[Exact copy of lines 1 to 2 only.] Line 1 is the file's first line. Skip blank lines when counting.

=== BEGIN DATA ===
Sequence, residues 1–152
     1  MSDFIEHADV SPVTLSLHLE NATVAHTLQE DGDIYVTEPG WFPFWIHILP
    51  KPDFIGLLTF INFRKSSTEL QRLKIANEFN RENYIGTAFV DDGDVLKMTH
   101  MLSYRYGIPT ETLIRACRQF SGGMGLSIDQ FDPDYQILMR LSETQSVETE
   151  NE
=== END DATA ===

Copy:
Sequence, residues 1–152
     1  MSDFIEHADV SPVTLSLHLE NATVAHTLQE DGDIYVTEPG WFPFWIHILP